Academic journal article Journal of Literary Studies

Deconstructing Empire in Joseph Conrad and Zakes Mda (1)

Academic journal article Journal of Literary Studies

Deconstructing Empire in Joseph Conrad and Zakes Mda (1)

Article excerpt

Summary

The publication of Zakes Mda's The Heart of Redness in 2000, almost a century after Conrad's Heart of Darkness, is not only redolent of its precursor in a titular sense, but also in its contingent and contiguous themes. Viewed from a postcolonial/postmodern perspective, both texts may be regarded as subversive offerings which disrupt colonial configurations of subjectivity. The degree to which Conrad and Mda succeed in deconstructing empire depends on the conditions of the historical production of their respective texts. Located within a modernist sensibility, Heart of Darkness, lacking the deictic in Mda's title, captures a historical moment of existential crisis in a manner that is simultaneously disruptive of colonial subjectivity and complicit with it, although in a characteristically ambiguous and inconclusive way. Set in the next millennium, The Heart of Redness continues the task of destabilising empire begun by Conrad, but this time through a revisionist reading of history, combining elements of realism with magic. Whilst Mda's deconstruction of Western colonialism is unambiguous owing to the writer's positioning in a postapartheid South Africa, his novel sardonically problematises another brand of colonialism, that of the enriched elite in government structures.

Opsomming

Die publikasie van Zakes Mda se The Heart of Redness in 2000, bykans 'n eeu na Conrad se Heart of Darkness, herinner nie alleen aan sy voorganger in 'n titulere sin nie, maar ook aan sy kontingente en aanliggende temas. Vanuit 'n post-koloniale/postmoderne perspektief kan albei tekste beskou word as subversiewe aanbiedings wat koloniale konfigurasies van subjektiwiteit ontwrig. Die mate waarin Conrad en Mda daarin slaag om empire te dekonstrueer hang af van die omstandighede van die historiese produksie van hulle onderskeie tekste. Gelokaliseer in 'n modernistiese ontvanklikheid, en by gebreke aan die deiktiese in Mda se titel, gee Heart of Darkness 'n historiese moment van eksistensiele krisis weer op 'n wyse wat koloniale subjektiwiteit terselfdertyd omvergooi en ook daaraan aandadig is, ofskoon op 'n kenmerkend dubbelsinnige en onoortuigende manier. Geplaas in die volgende millennium, sit The Heart of Redness die taak voort wat deur deur Conrad begin is om empire te destabiliseer--maar hierdie keer deur 'n revisionistiese lees van geskiedenis, en deur elemente van realisme en die magiese te kombineer. Waar Mda se dekonstruksie van Westerse kolonialisme ondubbelsinnig is as gevolg van sy plasing in 'n postapartheid Suid-Afika, problematiseer sy roman sardonies 'n ander skandteken van kolonialisme, die van die verrykte elite in regeringstrukture.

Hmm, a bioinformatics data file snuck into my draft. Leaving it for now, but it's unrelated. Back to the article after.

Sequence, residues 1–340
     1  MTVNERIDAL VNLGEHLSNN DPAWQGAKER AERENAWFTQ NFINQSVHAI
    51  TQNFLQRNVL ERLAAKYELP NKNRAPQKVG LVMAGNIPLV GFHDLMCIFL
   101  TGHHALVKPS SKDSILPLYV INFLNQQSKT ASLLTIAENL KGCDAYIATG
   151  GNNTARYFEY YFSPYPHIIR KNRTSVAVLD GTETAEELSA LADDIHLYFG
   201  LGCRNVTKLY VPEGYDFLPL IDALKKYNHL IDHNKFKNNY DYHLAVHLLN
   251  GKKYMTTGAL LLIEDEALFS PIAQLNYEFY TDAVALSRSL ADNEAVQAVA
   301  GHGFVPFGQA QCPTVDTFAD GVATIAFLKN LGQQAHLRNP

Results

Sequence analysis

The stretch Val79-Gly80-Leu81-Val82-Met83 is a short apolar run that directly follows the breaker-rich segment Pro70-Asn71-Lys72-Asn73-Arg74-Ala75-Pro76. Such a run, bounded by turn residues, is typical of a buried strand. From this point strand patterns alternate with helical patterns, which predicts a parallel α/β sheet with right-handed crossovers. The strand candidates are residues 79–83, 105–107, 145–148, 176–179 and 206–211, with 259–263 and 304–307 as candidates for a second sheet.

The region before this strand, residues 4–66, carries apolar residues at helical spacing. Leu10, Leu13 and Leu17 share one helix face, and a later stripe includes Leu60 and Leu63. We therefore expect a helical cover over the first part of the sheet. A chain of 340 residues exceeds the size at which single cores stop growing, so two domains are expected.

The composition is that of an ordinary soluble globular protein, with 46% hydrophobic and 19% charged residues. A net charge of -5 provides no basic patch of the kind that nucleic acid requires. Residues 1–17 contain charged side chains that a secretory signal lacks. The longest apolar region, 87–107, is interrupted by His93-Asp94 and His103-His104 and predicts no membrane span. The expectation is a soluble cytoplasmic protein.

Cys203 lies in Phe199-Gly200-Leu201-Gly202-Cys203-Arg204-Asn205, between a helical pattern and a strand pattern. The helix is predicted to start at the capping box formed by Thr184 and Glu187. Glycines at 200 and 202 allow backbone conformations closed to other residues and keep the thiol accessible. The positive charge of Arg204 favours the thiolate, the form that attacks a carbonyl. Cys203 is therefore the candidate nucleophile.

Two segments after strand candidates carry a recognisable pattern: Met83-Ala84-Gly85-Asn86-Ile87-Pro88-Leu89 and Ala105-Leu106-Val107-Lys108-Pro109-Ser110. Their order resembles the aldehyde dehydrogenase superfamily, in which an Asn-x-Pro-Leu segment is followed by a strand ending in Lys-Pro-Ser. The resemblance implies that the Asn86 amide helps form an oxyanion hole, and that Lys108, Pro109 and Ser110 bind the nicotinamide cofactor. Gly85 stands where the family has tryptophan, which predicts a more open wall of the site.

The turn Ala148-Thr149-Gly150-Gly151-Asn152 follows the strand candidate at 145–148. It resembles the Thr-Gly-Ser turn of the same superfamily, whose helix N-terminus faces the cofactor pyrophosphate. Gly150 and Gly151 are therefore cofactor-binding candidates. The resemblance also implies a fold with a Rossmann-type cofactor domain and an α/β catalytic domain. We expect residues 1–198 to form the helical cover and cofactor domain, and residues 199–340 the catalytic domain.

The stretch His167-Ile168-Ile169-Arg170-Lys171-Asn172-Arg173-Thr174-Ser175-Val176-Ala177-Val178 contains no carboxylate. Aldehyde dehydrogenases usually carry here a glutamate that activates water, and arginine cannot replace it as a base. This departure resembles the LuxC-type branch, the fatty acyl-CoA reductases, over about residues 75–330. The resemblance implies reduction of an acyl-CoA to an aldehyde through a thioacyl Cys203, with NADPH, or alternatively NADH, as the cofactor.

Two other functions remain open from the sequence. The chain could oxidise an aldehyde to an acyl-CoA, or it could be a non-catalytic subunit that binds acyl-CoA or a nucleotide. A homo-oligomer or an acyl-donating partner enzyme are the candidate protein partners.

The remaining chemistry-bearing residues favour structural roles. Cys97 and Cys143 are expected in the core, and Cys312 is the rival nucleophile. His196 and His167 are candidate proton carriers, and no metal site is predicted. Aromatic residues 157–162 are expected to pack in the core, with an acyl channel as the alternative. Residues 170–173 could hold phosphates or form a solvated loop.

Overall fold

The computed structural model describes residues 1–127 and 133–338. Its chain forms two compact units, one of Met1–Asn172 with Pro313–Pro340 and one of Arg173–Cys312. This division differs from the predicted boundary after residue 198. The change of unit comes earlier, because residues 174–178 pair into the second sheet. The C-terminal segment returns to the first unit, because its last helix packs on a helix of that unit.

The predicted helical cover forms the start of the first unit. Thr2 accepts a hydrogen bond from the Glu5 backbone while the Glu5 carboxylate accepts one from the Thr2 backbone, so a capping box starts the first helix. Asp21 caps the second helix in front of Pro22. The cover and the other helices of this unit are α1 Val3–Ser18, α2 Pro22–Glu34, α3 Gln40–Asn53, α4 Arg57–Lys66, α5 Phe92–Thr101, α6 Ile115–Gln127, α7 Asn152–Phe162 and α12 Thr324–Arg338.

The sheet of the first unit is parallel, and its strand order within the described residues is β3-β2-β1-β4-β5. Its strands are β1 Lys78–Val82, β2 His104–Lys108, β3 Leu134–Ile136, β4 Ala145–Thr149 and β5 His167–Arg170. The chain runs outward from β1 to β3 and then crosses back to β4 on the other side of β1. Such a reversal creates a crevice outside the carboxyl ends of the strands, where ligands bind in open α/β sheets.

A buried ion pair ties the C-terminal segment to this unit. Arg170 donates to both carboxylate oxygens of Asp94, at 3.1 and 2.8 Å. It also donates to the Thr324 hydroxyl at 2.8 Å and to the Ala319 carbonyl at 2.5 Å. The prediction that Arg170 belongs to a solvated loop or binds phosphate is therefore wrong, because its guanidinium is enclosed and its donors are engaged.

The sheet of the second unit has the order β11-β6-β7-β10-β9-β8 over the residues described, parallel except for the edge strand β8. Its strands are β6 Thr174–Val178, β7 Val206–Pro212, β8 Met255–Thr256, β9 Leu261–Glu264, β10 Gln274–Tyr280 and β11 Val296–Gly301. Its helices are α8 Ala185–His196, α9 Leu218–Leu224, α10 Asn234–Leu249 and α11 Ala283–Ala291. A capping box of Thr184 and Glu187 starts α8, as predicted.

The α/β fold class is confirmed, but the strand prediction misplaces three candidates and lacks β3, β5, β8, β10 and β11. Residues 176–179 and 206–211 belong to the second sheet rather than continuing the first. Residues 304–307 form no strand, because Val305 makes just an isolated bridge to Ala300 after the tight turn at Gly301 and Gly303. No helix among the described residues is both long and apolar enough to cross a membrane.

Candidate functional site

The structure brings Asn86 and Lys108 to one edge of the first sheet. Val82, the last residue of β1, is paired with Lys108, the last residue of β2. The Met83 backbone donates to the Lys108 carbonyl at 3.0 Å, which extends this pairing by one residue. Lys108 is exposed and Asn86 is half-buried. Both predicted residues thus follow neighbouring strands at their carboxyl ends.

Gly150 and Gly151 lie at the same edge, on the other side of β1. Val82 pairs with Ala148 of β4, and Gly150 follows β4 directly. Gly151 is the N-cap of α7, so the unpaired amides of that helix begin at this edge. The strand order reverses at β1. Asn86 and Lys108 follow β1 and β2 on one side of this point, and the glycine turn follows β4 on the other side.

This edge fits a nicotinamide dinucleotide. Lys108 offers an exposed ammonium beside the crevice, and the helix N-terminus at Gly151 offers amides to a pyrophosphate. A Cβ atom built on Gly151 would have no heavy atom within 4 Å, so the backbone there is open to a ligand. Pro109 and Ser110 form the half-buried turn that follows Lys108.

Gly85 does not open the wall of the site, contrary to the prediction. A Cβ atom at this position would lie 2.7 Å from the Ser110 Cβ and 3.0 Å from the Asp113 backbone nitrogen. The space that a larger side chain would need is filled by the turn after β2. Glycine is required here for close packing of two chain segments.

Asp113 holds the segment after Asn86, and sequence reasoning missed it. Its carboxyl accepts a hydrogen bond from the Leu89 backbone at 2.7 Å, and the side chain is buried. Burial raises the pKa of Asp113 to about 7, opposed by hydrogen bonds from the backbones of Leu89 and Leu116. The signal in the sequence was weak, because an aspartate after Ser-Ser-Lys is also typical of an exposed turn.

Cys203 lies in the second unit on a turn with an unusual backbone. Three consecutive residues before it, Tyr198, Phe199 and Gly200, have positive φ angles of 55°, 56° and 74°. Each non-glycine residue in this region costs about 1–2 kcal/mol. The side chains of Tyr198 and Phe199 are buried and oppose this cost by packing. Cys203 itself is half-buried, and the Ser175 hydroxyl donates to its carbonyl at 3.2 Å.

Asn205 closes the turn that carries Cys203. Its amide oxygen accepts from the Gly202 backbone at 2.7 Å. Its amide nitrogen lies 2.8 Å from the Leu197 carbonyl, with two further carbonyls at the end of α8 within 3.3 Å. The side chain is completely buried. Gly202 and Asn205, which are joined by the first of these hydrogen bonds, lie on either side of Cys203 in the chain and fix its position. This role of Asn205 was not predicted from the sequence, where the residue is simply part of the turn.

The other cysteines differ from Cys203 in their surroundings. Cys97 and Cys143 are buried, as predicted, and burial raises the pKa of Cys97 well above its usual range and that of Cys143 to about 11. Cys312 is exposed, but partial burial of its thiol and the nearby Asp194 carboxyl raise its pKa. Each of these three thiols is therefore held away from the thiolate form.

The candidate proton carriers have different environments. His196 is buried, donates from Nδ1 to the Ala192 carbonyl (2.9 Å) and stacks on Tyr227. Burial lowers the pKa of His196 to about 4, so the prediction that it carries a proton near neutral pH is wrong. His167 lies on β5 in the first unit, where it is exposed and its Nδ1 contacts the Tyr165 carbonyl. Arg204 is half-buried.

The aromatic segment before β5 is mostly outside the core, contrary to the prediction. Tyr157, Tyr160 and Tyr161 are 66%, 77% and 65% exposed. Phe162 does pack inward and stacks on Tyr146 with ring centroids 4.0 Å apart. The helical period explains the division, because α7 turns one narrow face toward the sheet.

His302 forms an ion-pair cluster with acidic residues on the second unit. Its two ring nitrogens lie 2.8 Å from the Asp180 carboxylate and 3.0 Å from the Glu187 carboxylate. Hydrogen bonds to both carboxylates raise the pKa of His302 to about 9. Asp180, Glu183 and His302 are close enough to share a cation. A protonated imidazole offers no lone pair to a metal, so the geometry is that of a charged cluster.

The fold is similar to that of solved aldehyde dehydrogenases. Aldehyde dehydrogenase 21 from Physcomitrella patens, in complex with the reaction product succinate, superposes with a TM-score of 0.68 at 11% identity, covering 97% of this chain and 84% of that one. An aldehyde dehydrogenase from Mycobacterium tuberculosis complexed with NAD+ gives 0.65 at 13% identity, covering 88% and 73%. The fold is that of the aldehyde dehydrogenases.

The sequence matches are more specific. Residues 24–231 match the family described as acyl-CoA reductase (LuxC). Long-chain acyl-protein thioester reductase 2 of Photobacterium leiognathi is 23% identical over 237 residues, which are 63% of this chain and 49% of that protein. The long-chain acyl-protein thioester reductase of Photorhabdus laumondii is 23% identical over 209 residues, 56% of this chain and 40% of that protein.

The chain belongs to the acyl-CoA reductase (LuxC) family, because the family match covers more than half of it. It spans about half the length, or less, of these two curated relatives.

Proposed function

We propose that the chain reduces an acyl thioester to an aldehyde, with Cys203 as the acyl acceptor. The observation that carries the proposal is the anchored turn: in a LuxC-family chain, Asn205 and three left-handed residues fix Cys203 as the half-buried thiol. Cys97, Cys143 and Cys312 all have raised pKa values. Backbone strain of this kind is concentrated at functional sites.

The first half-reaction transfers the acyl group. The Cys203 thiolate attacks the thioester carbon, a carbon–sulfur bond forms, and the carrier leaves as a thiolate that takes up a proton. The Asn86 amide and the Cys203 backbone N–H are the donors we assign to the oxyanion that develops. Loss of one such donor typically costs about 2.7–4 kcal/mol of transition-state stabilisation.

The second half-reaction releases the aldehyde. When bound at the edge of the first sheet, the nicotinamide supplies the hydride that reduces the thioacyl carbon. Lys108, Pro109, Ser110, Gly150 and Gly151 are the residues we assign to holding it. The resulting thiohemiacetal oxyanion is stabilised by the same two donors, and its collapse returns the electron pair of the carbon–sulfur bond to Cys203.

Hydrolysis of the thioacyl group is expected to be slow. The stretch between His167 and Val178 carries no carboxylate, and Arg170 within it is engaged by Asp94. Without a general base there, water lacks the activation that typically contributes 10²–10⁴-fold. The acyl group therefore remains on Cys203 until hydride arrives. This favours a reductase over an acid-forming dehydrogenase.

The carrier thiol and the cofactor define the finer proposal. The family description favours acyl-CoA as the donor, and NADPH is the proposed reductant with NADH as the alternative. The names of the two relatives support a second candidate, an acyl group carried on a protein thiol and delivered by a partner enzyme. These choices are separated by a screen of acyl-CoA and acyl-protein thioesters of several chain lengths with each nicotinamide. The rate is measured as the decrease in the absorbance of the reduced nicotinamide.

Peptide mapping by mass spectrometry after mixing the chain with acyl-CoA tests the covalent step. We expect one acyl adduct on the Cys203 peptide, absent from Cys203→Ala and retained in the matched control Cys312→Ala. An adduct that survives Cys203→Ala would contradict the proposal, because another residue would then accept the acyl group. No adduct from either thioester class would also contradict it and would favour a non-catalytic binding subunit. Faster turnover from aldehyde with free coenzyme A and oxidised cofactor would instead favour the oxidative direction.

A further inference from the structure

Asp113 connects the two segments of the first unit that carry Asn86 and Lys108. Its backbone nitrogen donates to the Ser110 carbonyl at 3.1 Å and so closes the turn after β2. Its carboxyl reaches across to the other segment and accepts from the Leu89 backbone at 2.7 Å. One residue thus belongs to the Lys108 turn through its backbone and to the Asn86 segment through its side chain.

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As tales about Africa, Mda's The Heart of Redness and Conrad's Heart of Darkness are located at the intersections of ethical discourses that were inseparable from the European colonising project of the late nineteenth century. What links these two stories is the common theme of imperialism that provides the backdrop for the exploration of subjectivity within the context of what Mary Louise Pratt has termed "contact zones" (Pratt 1992: 4), which are social spaces where disparate cultures meet, clash and grapple with each other in highly asymmetrical relations of domination and subordination. Whilst Mda acknowledges his intertextual debt to Jeff Peires's The Dead Will Arise in his dedication, he does not mention Conrad's famous, if not beleaguered text at all. However, the resonances between Heart of Darkness and Mda's text are more than coincidental. J.U. Jacobs (2002: 228) discerns in Mda's title an "obvious allusion" to Conrad's text which requires that Mda be read in the light of Conrad's treatment of European colonisation of Africa. The inclusion of a deictic and a change of a morpheme results in the title The Heart of Redness, where darkness is substituted by the contingency of redness, and the deictic "the" imparts a degree of specificity that is lacking in Conrad's amorphous, all-pervasive and ominous title, Heart of Darkness. …

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